Helping families with bureaucracy
At present, the charity benefits more than 200 families, though Kaplan estimates that Israel (population 8.8 million) is home to about 300 people with either Duchenne or Becker MD.
Members include an Orthodox Jewish woman whose three brothers had all died from DMD and who didn’t know she also was a carrier, as well as a Bedouin Arab mother of four Duchenne boys.
Newborn screening for Duchenne is of limited value, Kaplan said, because while two-thirds of cases are genetic, the remaining third is spontaneous — as was the case with her own son.
“The MLPA [multiplex ligation-dependent probe amplification] test checks for deletions and duplications. But half the mutations are nonsense mutations, as with cystic fibrosis,” she said. “In order to get this test, you have to do gene sequencing. They can do the MLPA for women who want children, but there’s still a 50-50 chance you could have a kid with Duchenne, even though you tested negative. For this reason, it’s not something we’re fighting for.”
Little Steps recently published a guidebook in Hebrew for patients and caregivers on how to navigate Israel’s healthcare system. The book includes various government forms as well as information on patient rights and even how to volunteer for national service in lieu of enlisting in the Israel Defense Forces.
This is a key consideration in a country like Israel, where mandatory military service for both men and women is such an integral part of society. (One young man with Becker recently joined Unit 8200, the IDF’s elite cyber intelligence unit).
The organization employs three people full-time, including research coordinator Mila Gumanovsky. About three years ago, it established a national registry — similar to the one PPMD operates — that contains a database of all known Duchenne and Becker patients in Israel.
“Based on this, we can apply to companies and ask them to open research sites in Israel,” she said, adding that 20 percent of Israel’s Duchenne patients are now getting new therapies such as Translarna (ataluren), developed by PTC Therapeutics. “Some of them are participating in research, and some get the drugs through compassionate use. We are working to extend this number and bring more research to Israel.”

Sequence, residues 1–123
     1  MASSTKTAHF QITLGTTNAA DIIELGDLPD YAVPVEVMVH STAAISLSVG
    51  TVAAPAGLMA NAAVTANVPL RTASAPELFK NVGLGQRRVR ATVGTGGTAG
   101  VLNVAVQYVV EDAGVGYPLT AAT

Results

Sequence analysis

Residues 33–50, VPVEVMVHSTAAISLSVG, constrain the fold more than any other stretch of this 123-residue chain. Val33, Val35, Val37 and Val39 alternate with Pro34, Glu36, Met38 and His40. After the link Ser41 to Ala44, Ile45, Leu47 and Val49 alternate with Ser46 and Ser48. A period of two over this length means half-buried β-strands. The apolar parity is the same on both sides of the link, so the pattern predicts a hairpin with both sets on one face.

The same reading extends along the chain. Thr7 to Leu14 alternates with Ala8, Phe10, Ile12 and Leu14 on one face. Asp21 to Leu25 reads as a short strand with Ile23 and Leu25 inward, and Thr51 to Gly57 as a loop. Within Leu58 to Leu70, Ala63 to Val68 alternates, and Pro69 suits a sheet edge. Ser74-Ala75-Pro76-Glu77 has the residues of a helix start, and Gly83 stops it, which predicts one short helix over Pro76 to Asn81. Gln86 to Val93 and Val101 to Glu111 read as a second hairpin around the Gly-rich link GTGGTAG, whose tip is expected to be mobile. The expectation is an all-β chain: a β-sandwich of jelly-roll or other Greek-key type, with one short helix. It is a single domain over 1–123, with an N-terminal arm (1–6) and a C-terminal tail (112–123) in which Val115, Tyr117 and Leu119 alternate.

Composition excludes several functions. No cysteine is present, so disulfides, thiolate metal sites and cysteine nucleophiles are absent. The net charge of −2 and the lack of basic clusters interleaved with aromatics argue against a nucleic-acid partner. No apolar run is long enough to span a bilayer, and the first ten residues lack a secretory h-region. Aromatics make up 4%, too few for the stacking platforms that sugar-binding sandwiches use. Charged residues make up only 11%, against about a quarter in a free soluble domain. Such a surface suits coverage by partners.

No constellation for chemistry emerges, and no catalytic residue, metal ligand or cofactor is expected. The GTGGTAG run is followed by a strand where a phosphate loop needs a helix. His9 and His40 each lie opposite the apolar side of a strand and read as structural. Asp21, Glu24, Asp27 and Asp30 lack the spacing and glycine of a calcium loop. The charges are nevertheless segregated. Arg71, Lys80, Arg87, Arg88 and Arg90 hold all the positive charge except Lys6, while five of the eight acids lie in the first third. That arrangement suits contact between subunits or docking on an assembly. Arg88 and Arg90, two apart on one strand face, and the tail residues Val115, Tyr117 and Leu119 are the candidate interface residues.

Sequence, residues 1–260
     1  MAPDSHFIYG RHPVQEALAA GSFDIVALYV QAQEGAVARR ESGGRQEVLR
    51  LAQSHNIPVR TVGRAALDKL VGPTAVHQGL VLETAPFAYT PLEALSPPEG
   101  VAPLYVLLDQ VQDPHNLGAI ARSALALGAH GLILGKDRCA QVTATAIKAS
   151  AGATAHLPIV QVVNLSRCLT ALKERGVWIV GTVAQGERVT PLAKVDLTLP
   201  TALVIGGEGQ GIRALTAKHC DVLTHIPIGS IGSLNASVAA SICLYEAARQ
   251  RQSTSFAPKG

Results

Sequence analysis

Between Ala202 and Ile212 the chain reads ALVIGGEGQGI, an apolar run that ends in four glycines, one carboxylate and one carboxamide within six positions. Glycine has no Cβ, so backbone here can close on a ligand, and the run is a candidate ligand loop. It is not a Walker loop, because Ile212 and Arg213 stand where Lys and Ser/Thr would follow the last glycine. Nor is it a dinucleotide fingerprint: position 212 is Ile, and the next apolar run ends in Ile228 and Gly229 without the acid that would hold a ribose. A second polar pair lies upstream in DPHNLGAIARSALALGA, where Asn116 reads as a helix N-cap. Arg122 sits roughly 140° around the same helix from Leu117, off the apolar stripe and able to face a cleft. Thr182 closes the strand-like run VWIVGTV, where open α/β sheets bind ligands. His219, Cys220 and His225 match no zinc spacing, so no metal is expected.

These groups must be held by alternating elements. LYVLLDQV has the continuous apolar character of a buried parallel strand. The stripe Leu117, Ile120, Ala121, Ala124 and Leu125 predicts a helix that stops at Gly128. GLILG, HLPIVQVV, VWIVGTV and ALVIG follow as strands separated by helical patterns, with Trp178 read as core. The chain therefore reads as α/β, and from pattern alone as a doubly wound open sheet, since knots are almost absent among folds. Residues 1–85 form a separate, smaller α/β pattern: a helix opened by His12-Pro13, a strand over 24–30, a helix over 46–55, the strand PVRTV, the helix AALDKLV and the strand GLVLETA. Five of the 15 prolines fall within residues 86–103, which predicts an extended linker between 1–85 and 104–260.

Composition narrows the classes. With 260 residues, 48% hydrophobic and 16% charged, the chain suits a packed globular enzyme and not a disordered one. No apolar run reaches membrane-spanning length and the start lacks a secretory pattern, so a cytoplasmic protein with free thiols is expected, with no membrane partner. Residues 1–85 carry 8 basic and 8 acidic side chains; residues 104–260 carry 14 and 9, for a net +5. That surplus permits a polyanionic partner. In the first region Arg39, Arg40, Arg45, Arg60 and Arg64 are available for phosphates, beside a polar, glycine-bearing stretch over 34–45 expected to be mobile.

Meanwhile, Goldschmiedt’s son, Adi, is the first Duchenne boy in Israel to receive Sarepta Therapeutics’ Exondys 51 (eteplirsen), following three denials by Israel’s national healthcare system, Kupat Holim, and a protracted legal battle. Based on his weight, the therapy would have cost nearly $1.2 million a year if the family had to pay for it out-of-pocket.
Santhera brings DMD trial to Israel
Earlier this month, Switzerland’s Santhera Pharmaceuticals announced it would enroll about 10 patients in Israel for a multinational Phase 3 clinical trial of idebenone. Known as SIDEROS, the trial (NCT03603288) — which will involve up to 266 participants in multiple locations — aims to determine whether the experimental therapy improves respiratory function in Duchenne boys with declining forced vital capacity (FVC), a measure of lung function. It is recruiting participants.
“It’s the first time that Israel will have trials for Duchenne patients above the age of 10,” said Kaplan, adding that ambulatory status won’t be a factor in recruiting patients for this trial.
“This is why children who cannot walk can take part,” she said. “The criteria for the trial depends specifically on FVC, which should be 30 to 80 percent. Anything about 30 percent means they can breathe by themselves without assistance.”
Little Steps operates on an annual budget of 2.5 million shekels ($690,000). One-third of that goes to fund research, with most of the rest to improving treatment for Duchenne and Becker patients.
“We realized the best way to care for these kids is to have multidisciplinary clinics, because there are so many aspects to this disease,” she said. “Before, families would go to a neurologist, or a cardiologist, but these doctors weren’t speaking with each other. Finally, in 2013, the first muscular dystrophy clinic was established at Hadassah Hospital in Jerusalem, thanks to our efforts.”
Schneider Children’s Hospital has since become Israel’s largest center for treating Duchenne; the organization is now working to find a hospital that will dedicate a similar multidisciplinary clinic for adult Duchenne and Becker patients.
Every two years, Little Steps sponsors a conference for Duchenne and Becker families throughout Israel. This year’s meeting took place June 6 in Herzliyya, just north of Tel Aviv.
“It was the first time we invited companies to Israel to speak directly to the families,” she said. “Until now, only Israeli physicians and experts came to the conference.”